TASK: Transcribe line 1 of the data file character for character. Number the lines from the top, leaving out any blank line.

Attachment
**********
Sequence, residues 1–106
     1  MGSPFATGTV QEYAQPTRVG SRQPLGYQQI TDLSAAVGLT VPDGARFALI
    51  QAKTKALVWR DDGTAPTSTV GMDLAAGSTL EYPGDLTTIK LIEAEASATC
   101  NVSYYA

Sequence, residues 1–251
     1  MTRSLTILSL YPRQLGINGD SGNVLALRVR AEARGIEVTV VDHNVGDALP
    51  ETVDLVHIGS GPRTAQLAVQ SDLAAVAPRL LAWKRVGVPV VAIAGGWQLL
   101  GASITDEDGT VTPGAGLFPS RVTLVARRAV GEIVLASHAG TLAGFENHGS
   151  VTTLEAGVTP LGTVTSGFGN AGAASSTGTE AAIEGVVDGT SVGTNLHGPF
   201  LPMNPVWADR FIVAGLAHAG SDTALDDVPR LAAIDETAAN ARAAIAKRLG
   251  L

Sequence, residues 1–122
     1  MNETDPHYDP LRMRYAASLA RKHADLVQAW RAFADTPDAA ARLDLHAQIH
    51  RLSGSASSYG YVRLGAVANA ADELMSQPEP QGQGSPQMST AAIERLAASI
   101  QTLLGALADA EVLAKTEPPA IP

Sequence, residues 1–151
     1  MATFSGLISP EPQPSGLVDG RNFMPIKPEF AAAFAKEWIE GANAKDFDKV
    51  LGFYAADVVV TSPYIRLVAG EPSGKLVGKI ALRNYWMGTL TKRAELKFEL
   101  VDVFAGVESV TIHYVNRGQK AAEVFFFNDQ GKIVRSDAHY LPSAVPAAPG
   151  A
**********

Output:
Sequence, residues 1–106